Quantitative Waste Characterisation

Information on the impact the waste stream may have on economic, social and environmental factors was also collected for inclusion in the database. Information was collected for both positive and negative impacts the waste stream may have.

The negative impacts on the Triple Bottom Line were:

  • Economic: Transport costs, landfill costs, processing costs, fines for non-compliance and lack of community adoption
  • Environmental: Viewed as a polluter, water and land degradation, unacceptable odours, visual impacts and land space/siting
  • Social: Health risks, fear of the unknown, diminished resources, community costs for cleaner environment, indirect costs for management

Positive impacts considered were:

  • Economic: Clean green image, profit from resale, reducing imports of primary commodities, export niche and subsidy incentives
  • Environmental: Alternative nutrients, soil conditioner, reduced use of primary resources, sustainability/reclamation, biodiversity protection and cross industry use.
  • Social: Cleaner lifestyle, feeling of well being, better informed community.

With the information gathered from waste characterisation and the impacts they have on the ‘triple bottom line’, a set of criteria to prioritise waste streams was selected. Employing these criteria, every waste stream identified for the database was "scored" by the RRRPI group and stakeholders involved with the project to get a form of consensus and then summed to produce an overall ranking.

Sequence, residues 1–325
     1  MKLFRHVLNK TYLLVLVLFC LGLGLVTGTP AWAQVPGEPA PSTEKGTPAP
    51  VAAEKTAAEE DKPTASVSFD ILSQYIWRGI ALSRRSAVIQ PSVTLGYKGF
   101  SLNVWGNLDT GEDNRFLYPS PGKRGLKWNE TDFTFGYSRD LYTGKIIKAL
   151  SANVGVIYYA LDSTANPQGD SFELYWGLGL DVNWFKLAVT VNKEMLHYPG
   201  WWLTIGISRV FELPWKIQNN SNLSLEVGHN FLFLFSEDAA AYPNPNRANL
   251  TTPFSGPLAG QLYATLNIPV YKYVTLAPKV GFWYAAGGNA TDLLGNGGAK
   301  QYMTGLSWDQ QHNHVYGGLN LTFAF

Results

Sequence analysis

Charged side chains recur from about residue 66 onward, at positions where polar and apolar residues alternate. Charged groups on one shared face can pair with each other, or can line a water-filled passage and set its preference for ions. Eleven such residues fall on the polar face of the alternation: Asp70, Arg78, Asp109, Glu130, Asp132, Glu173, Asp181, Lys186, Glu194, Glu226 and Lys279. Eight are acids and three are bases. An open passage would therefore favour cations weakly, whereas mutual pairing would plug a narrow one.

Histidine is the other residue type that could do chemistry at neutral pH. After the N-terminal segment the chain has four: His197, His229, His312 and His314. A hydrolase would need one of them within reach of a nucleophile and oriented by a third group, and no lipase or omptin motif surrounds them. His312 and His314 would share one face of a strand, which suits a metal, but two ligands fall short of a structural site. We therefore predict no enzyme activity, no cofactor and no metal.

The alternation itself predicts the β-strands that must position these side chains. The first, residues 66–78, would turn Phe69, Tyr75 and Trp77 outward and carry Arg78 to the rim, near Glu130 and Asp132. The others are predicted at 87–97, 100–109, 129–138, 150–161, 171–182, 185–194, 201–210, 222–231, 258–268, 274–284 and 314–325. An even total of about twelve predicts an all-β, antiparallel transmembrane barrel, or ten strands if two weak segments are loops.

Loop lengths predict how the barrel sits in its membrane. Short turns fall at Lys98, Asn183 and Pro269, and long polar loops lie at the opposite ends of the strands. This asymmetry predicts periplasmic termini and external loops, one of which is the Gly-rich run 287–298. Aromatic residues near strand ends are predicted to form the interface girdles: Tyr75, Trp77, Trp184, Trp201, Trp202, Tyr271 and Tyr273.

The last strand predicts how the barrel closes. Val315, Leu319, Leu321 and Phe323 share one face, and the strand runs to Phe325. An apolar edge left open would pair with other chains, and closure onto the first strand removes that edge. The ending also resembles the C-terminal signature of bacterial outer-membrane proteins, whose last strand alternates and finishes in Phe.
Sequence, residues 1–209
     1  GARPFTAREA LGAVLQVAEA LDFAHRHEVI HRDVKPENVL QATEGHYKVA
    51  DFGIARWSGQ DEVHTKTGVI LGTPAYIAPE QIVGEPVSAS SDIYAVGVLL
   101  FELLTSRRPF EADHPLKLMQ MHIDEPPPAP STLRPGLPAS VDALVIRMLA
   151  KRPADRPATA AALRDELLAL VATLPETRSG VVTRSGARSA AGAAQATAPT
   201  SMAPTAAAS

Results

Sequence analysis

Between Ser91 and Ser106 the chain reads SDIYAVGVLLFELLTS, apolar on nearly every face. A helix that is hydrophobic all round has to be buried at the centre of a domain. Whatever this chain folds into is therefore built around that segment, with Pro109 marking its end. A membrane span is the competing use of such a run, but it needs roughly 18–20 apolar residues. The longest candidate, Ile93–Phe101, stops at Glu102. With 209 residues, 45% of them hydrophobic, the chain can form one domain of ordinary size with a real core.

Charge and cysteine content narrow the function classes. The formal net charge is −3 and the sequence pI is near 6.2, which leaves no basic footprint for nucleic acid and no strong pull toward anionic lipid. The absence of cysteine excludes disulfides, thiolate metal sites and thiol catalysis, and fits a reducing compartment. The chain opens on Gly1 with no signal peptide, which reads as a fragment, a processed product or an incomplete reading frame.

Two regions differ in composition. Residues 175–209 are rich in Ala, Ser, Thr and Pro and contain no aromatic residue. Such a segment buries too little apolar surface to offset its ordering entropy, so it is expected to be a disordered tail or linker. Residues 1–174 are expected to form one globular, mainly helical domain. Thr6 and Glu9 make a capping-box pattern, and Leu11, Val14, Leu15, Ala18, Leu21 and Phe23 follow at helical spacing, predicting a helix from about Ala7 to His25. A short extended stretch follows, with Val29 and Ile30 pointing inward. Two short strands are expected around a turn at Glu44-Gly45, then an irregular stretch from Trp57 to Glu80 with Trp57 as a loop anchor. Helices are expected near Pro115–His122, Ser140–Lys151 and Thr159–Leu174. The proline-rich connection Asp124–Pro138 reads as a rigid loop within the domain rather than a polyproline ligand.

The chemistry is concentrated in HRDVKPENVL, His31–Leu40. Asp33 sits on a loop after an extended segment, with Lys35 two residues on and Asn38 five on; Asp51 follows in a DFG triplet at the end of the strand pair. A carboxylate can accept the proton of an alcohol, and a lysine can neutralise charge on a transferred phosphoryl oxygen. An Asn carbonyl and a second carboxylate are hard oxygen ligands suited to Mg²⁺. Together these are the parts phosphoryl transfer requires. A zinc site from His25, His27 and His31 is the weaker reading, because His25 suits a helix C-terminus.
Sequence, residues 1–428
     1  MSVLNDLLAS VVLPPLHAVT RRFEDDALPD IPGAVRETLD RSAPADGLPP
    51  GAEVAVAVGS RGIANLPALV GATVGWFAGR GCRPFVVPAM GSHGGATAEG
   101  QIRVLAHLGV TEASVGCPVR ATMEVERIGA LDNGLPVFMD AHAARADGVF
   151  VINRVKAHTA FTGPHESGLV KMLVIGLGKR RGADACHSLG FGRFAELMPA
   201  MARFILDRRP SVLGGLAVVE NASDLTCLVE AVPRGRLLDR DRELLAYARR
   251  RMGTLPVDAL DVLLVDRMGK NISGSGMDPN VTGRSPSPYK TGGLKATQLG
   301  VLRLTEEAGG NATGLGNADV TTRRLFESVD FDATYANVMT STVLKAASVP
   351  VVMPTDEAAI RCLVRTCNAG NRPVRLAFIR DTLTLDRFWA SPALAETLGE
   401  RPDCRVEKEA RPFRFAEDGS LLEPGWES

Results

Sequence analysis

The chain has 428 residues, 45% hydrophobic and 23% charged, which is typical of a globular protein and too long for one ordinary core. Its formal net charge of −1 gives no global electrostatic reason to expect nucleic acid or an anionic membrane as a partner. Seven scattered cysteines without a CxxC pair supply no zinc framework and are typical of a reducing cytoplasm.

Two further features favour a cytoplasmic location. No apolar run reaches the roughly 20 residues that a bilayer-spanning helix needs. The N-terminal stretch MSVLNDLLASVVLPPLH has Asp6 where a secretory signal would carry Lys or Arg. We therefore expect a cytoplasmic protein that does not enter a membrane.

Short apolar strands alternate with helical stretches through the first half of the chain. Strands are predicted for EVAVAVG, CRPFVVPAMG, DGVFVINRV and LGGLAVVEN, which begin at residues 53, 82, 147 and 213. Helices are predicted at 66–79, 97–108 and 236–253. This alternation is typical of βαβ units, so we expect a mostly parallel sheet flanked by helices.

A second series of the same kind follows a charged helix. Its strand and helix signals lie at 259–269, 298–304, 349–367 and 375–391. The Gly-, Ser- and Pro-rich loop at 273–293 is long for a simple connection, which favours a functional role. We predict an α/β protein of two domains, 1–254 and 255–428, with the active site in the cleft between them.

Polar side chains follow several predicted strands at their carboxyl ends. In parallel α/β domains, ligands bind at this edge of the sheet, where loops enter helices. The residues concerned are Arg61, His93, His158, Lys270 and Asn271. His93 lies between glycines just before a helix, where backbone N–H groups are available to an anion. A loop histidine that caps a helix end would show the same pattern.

Ranking of Waste streams against core drivers

The drivers and scoring chosen for prioritisation were:

1. Current re-use practices - the current status of re-use of the waste stream

    Depending on the level of current re-use in practice, the waste is ranked 0-3. The ranking is higher when less was re-used.

2. Processing - the amount of processing that might be required for effective re-use

    Depending on the level of treatment necessary before waste could be re-used the waste is scored between 0 to 2. If volume was a barrier for re-use, and did not reduce the unit cost of processing, this score was multiplied by a factor of 2 (this doubled the score)

3. Contamination - the level and type of contamination in the waste streams

    Four aspects of contamination were taken into account. Depending on the number of forms of contamination, the waste material can get a score of between 0 and 4. If volume was recognised as a barrier for re-use, and did not reduce the unit cost of processing, the scores were multiplied scores by a factor of 2 (this doubled the score).

4. Impacts of current waste re-use - the impacts of disposal both onsite and/or off-site